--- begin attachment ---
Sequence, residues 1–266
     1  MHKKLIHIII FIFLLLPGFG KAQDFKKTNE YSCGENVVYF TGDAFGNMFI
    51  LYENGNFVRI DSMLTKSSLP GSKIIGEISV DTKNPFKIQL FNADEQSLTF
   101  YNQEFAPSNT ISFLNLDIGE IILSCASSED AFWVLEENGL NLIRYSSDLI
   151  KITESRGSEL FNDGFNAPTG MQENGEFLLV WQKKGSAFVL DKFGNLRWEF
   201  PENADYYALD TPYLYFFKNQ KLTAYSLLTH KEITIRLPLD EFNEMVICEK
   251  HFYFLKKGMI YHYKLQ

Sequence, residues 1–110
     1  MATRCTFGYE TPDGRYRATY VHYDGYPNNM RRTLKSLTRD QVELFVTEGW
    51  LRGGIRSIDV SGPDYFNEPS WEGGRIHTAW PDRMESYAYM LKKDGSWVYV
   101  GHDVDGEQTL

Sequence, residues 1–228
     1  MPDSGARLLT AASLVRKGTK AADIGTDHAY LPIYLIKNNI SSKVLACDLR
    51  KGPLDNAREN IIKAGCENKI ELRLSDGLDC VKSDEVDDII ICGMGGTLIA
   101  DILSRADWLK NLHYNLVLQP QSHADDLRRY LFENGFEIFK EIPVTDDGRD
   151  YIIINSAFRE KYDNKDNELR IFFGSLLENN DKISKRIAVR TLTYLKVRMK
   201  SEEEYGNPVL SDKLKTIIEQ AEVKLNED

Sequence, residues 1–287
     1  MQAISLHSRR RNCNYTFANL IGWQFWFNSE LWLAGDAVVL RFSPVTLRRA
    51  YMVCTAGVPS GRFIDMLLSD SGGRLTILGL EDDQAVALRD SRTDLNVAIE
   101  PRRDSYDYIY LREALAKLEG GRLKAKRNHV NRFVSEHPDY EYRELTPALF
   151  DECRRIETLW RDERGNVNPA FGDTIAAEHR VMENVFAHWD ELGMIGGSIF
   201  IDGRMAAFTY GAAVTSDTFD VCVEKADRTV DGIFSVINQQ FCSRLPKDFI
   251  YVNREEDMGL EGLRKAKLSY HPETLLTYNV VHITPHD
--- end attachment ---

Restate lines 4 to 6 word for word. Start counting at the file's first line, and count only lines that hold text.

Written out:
   101  YNQEFAPSNT ISFLNLDIGE IILSCASSED AFWVLEENGL NLIRYSSDLI
   151  KITESRGSEL FNDGFNAPTG MQENGEFLLV WQKKGSAFVL DKFGNLRWEF
   201  PENADYYALD TPYLYFFKNQ KLTAYSLLTH KEITIRLPLD EFNEMVICEK